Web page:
Refer now to FIG. 4, wherein is shown a representation of a graphical editor screen 43 that may be used in performing the definitions described above in connection with Step 3 (37) of FIG. 3. The graphical editor screen 43 resides in a window 44 that appears when icon 39 (of FIG. 3) is clicked upon. Graphical editor screen 43 includes a collection 49 of previously defined signal names and bus names for which the graphical editing mechanism can be used. The collection 49 is arranged vertically (as if it were a column, although we won't call it that, as we prefer to use that word for something else), and appears adjacent a number of entry columns 50, 51 and 52. Each of these columns (50-52) represents later locations in time, when considered from left to right. Each column includes, along its vertical direction, a number of entries: one for each name in the collection 49. Column entries corresponding to the same signal or bus name are at the same height, producing a matrix of rows and columns. The rows are names and the columns are (from left to right) successive instances in time. An entry is the intersection of a row and a column, and can be defined as a condition to be included in a step of a trigger specification. Boxes 55, 56 and 57 are examples. At box 55 an entry has been defined to require a rising edge on the signal W/R; box 56 indicates that the signal ALE is a don't care (at the time the rising edge of W/R occurs); and, at box 57 an entry has been defined to require the bus labeled DATA to exhibit the value twenty-three during the rising edge of the signal W/R. Box 56 (and indeed, all the boxes for the various entries) is initially set to don't care at a first invocation of the of the graphical editor screen 43 for a given step in a trigger specification. Thus, box 56 need not be set explicitly to don't care, unless done to set it back to don't care after earlier having been set to something else. The don't care condition is indicated by a cross hatch pattern for entries corresponding to individual signals, and by the symbols ‘xx’ for entries corresponding to buses.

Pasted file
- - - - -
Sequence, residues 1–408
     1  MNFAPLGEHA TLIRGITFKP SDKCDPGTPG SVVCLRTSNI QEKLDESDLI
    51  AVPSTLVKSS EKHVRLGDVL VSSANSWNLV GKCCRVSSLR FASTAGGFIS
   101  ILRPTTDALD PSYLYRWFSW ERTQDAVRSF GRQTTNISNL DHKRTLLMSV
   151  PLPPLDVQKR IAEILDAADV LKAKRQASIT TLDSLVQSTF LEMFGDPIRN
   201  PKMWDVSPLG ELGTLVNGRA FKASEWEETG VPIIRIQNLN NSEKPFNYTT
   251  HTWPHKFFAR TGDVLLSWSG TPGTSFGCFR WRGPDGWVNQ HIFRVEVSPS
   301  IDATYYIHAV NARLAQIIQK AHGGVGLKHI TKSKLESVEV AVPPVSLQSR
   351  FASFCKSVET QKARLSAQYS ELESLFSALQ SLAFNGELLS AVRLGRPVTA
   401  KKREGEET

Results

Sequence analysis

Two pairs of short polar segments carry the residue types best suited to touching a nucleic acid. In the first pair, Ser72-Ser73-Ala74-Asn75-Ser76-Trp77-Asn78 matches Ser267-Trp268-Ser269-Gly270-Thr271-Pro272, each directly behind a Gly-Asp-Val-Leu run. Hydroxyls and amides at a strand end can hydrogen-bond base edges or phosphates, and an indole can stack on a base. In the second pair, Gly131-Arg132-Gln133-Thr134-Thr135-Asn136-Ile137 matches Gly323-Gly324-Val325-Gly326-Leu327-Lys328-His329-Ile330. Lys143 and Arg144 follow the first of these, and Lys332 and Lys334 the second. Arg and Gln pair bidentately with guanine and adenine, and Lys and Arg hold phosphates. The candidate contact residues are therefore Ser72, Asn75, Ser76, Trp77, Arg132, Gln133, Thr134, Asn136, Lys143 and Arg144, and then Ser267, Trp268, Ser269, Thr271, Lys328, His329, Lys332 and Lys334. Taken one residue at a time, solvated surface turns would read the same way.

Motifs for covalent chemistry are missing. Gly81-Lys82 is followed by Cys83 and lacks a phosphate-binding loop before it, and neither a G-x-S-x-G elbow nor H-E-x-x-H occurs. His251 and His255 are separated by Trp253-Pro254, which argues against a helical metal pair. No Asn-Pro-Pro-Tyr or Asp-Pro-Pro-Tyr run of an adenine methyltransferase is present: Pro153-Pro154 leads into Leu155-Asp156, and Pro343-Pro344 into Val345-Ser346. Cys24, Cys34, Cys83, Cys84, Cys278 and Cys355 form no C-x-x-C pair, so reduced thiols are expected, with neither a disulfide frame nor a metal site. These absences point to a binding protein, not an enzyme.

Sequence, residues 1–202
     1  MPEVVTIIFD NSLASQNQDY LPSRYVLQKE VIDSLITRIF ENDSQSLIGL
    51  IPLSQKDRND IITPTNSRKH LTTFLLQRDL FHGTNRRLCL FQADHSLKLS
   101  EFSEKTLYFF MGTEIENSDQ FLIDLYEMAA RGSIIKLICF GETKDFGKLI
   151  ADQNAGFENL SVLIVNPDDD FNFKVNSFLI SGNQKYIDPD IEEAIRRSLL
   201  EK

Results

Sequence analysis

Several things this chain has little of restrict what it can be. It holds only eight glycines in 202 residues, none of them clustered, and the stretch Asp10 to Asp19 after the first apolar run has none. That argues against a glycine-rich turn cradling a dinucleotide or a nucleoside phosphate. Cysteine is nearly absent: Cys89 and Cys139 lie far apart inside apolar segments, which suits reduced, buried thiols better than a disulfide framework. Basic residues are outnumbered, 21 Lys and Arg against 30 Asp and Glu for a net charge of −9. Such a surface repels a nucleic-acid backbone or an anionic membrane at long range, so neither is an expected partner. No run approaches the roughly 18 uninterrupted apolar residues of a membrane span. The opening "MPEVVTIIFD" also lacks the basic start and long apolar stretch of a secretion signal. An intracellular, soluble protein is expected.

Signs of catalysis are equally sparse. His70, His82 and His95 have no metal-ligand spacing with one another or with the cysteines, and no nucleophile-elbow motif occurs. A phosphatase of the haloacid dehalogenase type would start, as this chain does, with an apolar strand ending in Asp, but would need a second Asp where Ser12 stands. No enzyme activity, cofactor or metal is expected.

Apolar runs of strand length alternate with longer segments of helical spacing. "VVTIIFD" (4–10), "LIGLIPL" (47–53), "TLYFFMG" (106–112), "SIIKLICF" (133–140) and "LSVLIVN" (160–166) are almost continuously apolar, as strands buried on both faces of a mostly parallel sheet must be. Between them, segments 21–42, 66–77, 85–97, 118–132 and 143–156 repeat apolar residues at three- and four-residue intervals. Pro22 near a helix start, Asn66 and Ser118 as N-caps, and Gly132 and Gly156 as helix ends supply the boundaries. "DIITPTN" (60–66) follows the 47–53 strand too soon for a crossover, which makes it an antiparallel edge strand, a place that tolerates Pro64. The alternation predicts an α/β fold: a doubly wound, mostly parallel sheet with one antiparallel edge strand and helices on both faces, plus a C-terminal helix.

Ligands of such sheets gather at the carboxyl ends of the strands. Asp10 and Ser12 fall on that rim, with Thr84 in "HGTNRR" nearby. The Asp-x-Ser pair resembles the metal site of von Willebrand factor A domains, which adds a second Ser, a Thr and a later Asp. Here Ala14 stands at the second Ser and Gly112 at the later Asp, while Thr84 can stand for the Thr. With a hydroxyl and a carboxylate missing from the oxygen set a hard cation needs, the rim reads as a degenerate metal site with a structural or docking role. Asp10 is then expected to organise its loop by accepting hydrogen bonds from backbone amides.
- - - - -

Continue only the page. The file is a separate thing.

In the example shown in FIG. 4, column 51 has an entry for the signal ALE that requires a rising edge. This requirement is an implied “followed by”, in that events related to column 51 are expected to occur subsequent to those in column 50. We shall have more to say about this in connection with FIG. 5.
The content of any particular entry, such as 47, is specified by positioning the screen pointer (not shown) over the entry of interest and then clicking. A menu 48 appears over the entry (47), and the pointing device (e.g., a mouse) is used to control the screen pointer to select an entry from that menu. The entries in the menu 48 recite the various possibilities for waveform behavior that can have a corresponding iconic symbol placed into the entry (47). In our example the menu entries are text legends: Rising Edge, Falling Edge, Either Edge, High, Low, and, Don't Care. Instead of such text legends the menu 48 could have been comprised of iconic symbols themselves. We chose to use legends to describe the choices, as this avoids a possible circular definition situation, where an iconic representation of a waveform transition is indicated by itself instead of by text that is descriptive in a human language. It seems a matter of choice whether to make menu 48 contain text or iconic symbols; most users would probably relate well to either.
Now briefly consider FIG. 5. It depicts a menu 58 that appears in a window 59 when either of box 53 or 54 (in FIG. 4) is clicked. Menu 58 allows the implied “followed by” relationship mentioned above to be expressly defined. Initially, it is set to “Indefinite”, much as the column entries are initially set to don't care. Menu 58 shows three basic categories: Indefinite time period (60); Less than (61); and, Greater than (62). A conventional Microsoft Windows interface allows selection of one of these choices. If the choice is, say, Less than (61), then a numerically expressed time period is required. It is simply keyed in while the screen pointer is positioned within box 63, while box 64 is itself a small menu box to allow the selection of the unit of time. Choice 62 (Greater than) has similar boxes for the specification of a numeric time interval. Once the desired time relation has been defined for two adjacent columns in FIG. 4 (button 53 for columns 50-51 or button 54 for columns 51-52), menu 58 is concluded by clicking on the OK button 65. If desired, an invocation of menu 58 can be aborted by clicking on Cancel button 66.